Utah Governor Spencer Cox apologized on Monday for an error in his state’s data that showed 70 percent of adults had received at least one COVID-19 vaccine before this benchmark was actually hit.
In a statement on Twitter, he said the true number of over-18s who have been given at least one shot is 67.07 percent.
The error occurred due to an issue with counting doses administered in Utah by federal agencies, including pharmacy partnerships and Indian Health Services.
‘We screwed up. And I sincerely apologize,’ he wrote in a statement attached to a tweet published on Monday afternoon.
‘A couple days ago, we learned that there was a mistake in the way we had counted federal doses,’ he wrote. ‘It soon became clear that we had only reached 67.07%. While federal data sharing has been extremely difficult, this one is on us. Our data team is devastated and embarrassed. And so am I.’
Cox wrote that there is no evidence the miscalculation was due to an ethical issue and that it was ‘a result of simple human error.’
Utah Governor Spencer Cox apologized for an error in his state’s data showing 70% of adults had received at least one COVID-19 shot before the benchmark was actually hit
Utah’s initial 70% vaccination announcement overestimated the doses administered by federal agencies. Pictured: Vaccination at a clinic in Springfield, Missouri
Cox said that the data team at Utah’s Department of Health has ‘re-examined processes to prevent this type of error from happening again.’
Utah is working to increase vaccinations in the state through mobile vaccination sites, community partnerships, and education campaigns.
While many states did not hit Biden’s 70 percent vaccination goal by July 4, the number is still considered an important benchmark on the path to herd immunity.
According to the Centers for Disease Control and Prevention (CDC), 20 states and the District of Columbia have met the goal, as of July 13 – vaccinating at least 70 percent of their adult populations with at least one dose.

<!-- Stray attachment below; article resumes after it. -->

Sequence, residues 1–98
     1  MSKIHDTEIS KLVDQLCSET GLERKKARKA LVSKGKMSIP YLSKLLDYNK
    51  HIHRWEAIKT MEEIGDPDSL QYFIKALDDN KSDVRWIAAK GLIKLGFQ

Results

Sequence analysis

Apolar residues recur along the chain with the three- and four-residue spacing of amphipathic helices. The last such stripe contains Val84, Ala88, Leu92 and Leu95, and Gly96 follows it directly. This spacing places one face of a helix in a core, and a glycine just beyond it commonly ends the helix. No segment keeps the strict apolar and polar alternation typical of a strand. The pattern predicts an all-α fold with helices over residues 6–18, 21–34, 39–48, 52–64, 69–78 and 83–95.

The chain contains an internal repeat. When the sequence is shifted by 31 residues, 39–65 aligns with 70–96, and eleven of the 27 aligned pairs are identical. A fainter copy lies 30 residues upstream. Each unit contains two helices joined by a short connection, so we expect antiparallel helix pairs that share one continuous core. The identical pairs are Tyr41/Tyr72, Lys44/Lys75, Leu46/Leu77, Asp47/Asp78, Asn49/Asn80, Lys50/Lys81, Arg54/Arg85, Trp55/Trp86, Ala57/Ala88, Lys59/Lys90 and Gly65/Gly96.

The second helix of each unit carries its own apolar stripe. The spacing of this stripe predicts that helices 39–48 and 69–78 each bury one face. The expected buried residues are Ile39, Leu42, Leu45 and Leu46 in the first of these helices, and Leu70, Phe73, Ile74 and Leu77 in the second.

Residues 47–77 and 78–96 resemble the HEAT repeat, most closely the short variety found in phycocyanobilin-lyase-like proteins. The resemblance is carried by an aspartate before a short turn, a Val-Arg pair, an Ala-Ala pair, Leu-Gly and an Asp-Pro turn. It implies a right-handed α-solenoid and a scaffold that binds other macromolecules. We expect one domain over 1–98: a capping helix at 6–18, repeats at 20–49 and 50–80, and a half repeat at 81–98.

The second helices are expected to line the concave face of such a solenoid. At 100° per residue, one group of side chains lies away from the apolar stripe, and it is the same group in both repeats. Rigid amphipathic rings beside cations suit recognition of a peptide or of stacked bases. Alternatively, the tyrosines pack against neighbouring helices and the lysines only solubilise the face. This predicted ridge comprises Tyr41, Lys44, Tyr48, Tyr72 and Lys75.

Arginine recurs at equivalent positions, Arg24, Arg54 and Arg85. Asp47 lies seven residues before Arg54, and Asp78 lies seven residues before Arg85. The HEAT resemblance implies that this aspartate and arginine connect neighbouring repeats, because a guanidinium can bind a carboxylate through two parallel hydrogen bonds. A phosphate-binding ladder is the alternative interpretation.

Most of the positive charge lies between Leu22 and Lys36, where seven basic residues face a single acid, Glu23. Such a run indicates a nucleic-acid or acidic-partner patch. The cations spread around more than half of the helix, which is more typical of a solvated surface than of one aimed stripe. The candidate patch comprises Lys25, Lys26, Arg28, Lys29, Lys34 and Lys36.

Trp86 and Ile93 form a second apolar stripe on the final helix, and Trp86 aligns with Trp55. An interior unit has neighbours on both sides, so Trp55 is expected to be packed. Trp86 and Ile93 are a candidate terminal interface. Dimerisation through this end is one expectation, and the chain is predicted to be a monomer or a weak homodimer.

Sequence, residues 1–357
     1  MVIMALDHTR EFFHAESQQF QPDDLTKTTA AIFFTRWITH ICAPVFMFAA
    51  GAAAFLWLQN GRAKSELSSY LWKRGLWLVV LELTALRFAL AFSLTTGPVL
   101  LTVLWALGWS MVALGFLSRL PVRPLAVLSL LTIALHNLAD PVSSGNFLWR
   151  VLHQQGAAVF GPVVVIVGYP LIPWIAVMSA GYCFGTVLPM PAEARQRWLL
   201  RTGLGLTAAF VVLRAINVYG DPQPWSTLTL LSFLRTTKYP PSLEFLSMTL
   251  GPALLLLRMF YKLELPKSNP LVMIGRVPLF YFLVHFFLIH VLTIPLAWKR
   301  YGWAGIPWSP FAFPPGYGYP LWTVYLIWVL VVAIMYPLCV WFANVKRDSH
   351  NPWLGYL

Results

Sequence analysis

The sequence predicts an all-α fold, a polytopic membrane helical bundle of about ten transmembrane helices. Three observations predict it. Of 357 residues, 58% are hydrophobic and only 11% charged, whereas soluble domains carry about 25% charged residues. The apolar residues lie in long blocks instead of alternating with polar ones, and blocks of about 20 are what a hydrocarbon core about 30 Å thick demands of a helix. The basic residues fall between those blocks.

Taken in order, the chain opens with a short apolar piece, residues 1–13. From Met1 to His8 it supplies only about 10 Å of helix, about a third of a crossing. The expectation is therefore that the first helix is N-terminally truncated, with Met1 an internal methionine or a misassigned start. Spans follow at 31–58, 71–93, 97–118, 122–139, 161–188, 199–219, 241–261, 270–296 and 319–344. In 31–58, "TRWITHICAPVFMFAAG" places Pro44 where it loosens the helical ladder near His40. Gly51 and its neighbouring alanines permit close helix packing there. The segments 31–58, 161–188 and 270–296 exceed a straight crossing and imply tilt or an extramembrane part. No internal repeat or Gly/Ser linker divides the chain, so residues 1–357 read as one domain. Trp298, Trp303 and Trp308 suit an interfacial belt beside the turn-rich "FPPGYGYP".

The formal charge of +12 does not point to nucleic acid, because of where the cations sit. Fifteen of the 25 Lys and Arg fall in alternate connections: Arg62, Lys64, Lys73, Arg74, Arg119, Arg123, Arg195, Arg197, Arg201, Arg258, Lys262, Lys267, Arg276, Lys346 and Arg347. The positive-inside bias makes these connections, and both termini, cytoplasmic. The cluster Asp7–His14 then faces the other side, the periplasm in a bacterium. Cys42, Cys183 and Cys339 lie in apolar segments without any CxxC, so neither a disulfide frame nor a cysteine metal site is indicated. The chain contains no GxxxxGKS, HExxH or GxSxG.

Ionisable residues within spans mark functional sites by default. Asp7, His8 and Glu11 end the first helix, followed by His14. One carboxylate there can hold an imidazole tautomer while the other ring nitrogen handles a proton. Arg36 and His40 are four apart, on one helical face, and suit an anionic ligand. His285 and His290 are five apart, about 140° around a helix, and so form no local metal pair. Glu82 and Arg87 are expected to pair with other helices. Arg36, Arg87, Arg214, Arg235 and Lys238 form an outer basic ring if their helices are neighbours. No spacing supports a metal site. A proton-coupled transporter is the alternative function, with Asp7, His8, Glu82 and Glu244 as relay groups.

Vermont has the highest vaccination rate, with 86 percent of adults in the state inoculated. Mississippi and Louisiana have the lowest rates, both under 50 percent.
While most vaccinations administered in the U.S. happen under the purview of state governments, some are the federal government’s responsibility.
Many of these doses are given through a federal partnership with national pharmacy chains, including about eight million doses given to nursing home residents early in 2021.
Doses may also be administered through the Indian Health Service, Veterans Administration, Department of Defense, and Department of Corrections – all federal agencies.
According to the Utah Department of Health, about 2.9 million vaccine doses have been administered in the state as of July 12.
That includes about 53,000 doses administered by federal agencies.
When Cox’s administration initially announced that Utah had vaccinated 70 percent of adults, the health agency staff had overestimated the number of doses administered by federal agencies.
Rather than announcing that Utah hit the benchmark when the data team first made this calculation, the team ‘decided to wait a few days to double- and triple-check the numbers,’ Cox said.
Still, the error was not caught until after a public announcement had been made.
Instead of reaching 70 percent of Utah adults vaccinated, Cox said, the true number is 67.07 percent.
Utah’s vaccination rate has declined in recent months, with a current average of about 4,500 shots given each day
Utah seniors are vaccinated at much higher rates than young adults
The Utah Department of Health team is working to ensure that similar errors don’t occur again, Cox wrote in his statement.
‘While this miscalculation is inexcusable, they have re-examined processes to prevent this type of error from happening again.’
Meanwhile, Utah state leadership is working to improve vaccination rates through mobile vaccination sites, partnerships with community organizations, and educational campaigns such as a Vaccine Mythbusters video.
Residents can even request that the state send a mobile vaccination clinic to their community or workplace using an online form.
‘We will continue to do everything possible to make vaccinations easier and more accessible,’ Cox said.
Such campaigns are especially crucial for the state as the Indian ‘Delta’ variant spreads.
The variant is now causing about three-quarters of new cases in Utah and other Mountain West states, according to the CDC.